December 7, 2019

Grateful for the Paper in Your Hands

Let’s play a little game: What is your favorite part of Judaism? Whenever I ask that question, I’m always amazed at the range of answers. Some Jews love learning Torah; others love the culture. Some focus on Zionism; others on the pride of belonging to a people.

Some Jews love philosophy; others the rituals of the holidays. Some love the sense of “community” above all else; others prefer the mystical vibes of Kabbalah or Jewish meditation or tikkun olam (repairing the world). Some love Jewish poetry or liturgy; others literature or history. Some simply love the moral clarity of God’s commandments. The list goes on.

Many Jews, of course, enjoy more than one thing. They may prefer an area or two, but they love the fact that Judaism offers such a rich and diverse offering that there’s something for every taste, every Jew, every mood.

In fact, if you asked me to name my favorite part of Judaism, that would be it—the incredible diversity of the Jewish menu.

Just as some shul-goers love to float between different synagogues, I love to float between the myriad areas of Judaism. I might even be a fanatic about this. There’s hardly anything I come across under the enormous tent of Judaism that doesn’t arouse a part of my curiosity.

The fact that there’s so much to choose from in Judaism may be one of its greatest strengths, especially for a new generation that loves to keep its options open.

Where am I going with this? To a revelation that hit me recently: We rarely get a chance to feel the diversity of Judaism at one time and in one place.

I was sitting with a prospective donor and showing everything the Journal is doing online— our new website, podcasting network, social media initiatives, Thursday Night Live, Morning Roundtable, Daily Roundup, and so on.

But when I got to the actual paper, I struggled to find a succinct way to explain its value. So, I came up with this: “You can feel all of Judaism in your hands.”

As much as I value the expansive powers of the digital world, I admitted there’s one thing it can’t do: It can’t make you feel the richness and diversity of Judaism at one time and in one place.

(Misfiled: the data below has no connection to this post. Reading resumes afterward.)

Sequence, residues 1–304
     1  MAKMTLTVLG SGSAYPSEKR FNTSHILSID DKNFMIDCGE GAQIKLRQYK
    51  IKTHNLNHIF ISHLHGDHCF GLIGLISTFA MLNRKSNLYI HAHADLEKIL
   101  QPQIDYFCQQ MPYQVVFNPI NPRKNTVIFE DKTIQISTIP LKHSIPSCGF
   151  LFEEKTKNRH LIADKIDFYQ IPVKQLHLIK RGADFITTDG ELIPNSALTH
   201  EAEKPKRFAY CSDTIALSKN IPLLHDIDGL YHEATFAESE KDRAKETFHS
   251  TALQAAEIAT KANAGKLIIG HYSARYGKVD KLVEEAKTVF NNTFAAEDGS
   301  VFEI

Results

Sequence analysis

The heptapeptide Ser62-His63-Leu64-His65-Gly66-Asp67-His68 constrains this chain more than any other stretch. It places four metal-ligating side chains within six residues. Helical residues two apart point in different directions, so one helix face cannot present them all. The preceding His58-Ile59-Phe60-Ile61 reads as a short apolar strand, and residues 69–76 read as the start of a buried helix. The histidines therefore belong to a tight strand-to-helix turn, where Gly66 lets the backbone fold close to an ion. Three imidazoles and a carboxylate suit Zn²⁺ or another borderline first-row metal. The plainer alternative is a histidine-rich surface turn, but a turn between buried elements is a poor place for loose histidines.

One of the worst-kept secrets of the print world is that most people skim through the articles; they will read something only if it really interests them.

But this skimming is precisely the unique power of the paper: You don’t have to read every article to feel the full effect of the diversity.

Pick up a Journal and you’ll see what I mean. Go through each page and read only the headlines and highlighted quotes. By the time you’re done, whether you’ve read any of the articles or not, you’re very likely to conclude: Wow, there’s a lot going on with this tradition and community — so many voices, so many stories and subjects, so much going on.

“So much going on” may, indeed, be the secret sauce of Judaism. People want choice. People crave choice. The fact that there’s so much to choose from in Judaism may be one of its greatest strengths, especially for a new generation that loves to keep its options open.

Digital can’t make you feel the “package” and “bulk” which you naturally feel when you hold a paper in your hands.

But let’s face it — how often do Jews get to see and feel the whole Jewish buffet in one place? Most Jewish groups or movements like to push their own menu items. Some favor religion, others culture, others social justice or history or Zionism or peoplehood.

Which Jewish group is best suited to promote the Jewish buffet in one place? It’s the Jewish paper.

The smart phone in your hand may carry unlimited information, but you get this information one digital bite at a time. Digital can’t make you feel the “bulk” and substance that you naturally feel when you hold a paper in your hands.

While holding that paper, you are holding the community, the whole Jewish buffet, right there in one place, at one time. You’re seeing with your own eyes and feeling with your own hands that, indeed, there’s “so much going on” with this great tradition of yours.

One reason I’m optimistic about the future of the community paper is that people instinctively love to touch and feel things. The current revival of vinyl records speaks to the timeless pleasure and intimacy of touch.

Of course, it’s up to the paper to take full advantage of this benefit and do justice to the breadth and intellectual diversity of Judaism. Week in and week out, that is the Journal’s mission — to nourish you with a broad range of stories, voices and ideas that will “connect, inform and inspire” you.

It’s the whole megillah, and it’s all-you-can-eat.

Happy Thanksgiving.